One of our dear seamstresses, Anisa* from Afghanistan, has spent the past three weeks fighting for her life. A nasty cold turned into pneumonia. On April 21st, Anisa was rushed into ICU and put on a ventilator to help her breathe. Later, she was put into a medically-induced coma to help her heal.
On April 28th, she came out of her coma and was taken off the vent. We were rejoicing that God has answered our prayers for healing when she was found to have a blood clot in her lung and a blockage in her bowel. She went back into a coma and on the vent again.
But on May 4th, she woke up and was taken off the vent. She squeezed Denise’s hand and smiled. Now, praise God, Anisa is recovered and has gone home.
I mentioned in my last post that refugees are people who are worth getting to know better. Anisa is a very dear person: a wife, a mother of four, and a friend to many. I myself don’t know Anisa very well, but in her sweet spirit shines through every time I see her. It’s been absolutely heartbreaking to see her and her family suffer. The constant ups-and-downs of her sickness have been frustrating for me, and they must be absolutely exhausting to people like Denise who visit her in the hospital constantly. But one thing all of this mess has taught me is that Peace of Thread is more than just a non-profit that sells pretty purses. It’s a community.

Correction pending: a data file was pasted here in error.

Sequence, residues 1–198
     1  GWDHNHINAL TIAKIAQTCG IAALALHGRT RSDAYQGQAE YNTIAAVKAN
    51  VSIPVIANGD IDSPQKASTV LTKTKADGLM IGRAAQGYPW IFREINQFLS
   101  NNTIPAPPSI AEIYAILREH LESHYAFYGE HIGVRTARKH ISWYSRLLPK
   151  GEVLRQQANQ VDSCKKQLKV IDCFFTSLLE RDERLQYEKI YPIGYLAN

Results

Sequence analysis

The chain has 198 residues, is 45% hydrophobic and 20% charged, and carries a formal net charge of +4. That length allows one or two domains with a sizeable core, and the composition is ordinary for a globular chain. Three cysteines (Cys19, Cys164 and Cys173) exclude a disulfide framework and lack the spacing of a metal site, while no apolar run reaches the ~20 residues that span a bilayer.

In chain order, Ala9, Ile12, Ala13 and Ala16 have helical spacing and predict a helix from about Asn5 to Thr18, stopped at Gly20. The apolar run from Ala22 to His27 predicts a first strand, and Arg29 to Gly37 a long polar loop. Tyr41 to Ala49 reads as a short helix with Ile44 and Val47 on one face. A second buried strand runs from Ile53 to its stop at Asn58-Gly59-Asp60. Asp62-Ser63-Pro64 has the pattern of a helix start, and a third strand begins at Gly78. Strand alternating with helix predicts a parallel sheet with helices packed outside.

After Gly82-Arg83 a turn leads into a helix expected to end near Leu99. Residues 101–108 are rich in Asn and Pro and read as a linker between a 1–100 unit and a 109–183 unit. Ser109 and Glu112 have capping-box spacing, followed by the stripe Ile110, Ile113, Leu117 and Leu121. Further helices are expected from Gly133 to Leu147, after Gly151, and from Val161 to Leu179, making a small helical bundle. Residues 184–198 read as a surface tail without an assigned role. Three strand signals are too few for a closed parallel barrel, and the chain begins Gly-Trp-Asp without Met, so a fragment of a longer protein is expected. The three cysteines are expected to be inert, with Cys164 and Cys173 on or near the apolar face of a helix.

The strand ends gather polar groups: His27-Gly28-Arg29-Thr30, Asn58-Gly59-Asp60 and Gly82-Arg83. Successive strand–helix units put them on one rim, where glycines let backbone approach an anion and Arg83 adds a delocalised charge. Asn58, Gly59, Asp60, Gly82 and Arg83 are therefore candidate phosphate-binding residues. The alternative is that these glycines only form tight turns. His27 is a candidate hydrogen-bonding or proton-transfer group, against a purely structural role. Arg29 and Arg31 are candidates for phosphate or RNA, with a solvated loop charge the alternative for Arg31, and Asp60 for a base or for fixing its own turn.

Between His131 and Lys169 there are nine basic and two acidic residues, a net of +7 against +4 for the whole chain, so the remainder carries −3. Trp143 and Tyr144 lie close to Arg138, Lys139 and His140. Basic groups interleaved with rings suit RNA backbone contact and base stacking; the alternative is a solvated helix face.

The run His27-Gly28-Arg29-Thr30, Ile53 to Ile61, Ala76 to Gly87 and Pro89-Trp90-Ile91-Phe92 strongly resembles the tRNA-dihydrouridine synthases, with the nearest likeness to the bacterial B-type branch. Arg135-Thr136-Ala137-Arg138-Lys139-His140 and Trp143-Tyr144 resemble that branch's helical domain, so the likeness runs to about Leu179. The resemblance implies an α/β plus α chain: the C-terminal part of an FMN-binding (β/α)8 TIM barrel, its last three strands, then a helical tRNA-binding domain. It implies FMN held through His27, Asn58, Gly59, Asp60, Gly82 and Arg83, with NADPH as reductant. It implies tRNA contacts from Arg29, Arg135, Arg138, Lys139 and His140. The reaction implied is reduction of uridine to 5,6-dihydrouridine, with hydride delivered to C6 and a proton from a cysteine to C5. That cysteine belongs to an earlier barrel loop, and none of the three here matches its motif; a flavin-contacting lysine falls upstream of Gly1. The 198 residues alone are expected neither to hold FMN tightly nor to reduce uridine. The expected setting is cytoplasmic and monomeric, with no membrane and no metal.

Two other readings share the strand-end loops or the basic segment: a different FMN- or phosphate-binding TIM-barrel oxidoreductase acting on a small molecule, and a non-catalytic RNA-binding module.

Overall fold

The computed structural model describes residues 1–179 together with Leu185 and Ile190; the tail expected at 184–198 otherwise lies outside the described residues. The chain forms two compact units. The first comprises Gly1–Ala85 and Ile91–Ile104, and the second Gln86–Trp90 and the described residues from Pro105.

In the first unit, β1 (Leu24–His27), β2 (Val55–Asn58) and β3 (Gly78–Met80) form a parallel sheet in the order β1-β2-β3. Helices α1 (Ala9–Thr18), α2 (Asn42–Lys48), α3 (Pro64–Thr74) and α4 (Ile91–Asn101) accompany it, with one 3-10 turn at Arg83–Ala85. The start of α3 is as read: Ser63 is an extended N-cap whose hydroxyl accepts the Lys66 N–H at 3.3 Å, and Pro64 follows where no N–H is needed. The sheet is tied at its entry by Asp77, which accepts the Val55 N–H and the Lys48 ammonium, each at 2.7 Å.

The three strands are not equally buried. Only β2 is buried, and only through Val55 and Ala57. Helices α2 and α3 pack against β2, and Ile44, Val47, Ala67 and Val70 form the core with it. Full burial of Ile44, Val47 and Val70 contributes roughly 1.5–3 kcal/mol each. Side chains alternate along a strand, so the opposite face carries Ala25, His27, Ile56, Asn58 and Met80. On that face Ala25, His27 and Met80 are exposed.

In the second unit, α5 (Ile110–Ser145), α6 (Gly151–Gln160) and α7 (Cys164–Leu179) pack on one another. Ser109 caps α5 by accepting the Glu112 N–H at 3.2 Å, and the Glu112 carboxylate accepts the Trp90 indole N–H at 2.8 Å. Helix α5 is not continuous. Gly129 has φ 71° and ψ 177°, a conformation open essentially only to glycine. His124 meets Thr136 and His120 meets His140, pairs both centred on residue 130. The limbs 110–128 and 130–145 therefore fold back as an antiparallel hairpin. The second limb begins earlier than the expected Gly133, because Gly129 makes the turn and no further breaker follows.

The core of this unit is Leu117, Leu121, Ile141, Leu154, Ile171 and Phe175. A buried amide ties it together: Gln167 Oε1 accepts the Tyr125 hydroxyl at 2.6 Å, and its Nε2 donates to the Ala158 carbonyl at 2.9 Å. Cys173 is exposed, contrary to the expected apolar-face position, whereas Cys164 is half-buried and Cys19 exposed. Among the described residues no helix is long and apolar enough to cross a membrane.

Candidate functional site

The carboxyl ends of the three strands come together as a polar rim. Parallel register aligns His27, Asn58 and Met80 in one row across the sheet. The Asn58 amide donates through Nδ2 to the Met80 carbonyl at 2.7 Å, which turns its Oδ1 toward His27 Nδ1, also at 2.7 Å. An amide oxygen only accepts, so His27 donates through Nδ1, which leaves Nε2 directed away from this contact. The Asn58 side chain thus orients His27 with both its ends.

Peace of Thread is a community of God’s people-“people who sew peace” (Denise’s words)-that will anoint a sick woman with oil and pray for her. It’s a community of people who will literally sit beside someone during the hard times, no matter how much time that takes. It’s a community that believes God can do a miracle, even when everything looks bleak. This community is the best thing we can provide for our refugees.
Living in community is a lot of work, especially when you’re living with people who come from another country and may not speak your language. But it’s the most fulfilling experience that human beings can have. Every person needs love, and love is what unities us across languages, religions, and cultures. I’m glad that Peace of Thread is an organization that promotes love. I would encourage anyone reading this blog post to love their neighbor, no matter what that neighbor looks like or where that neighbor is from.
*name changed to protect privacy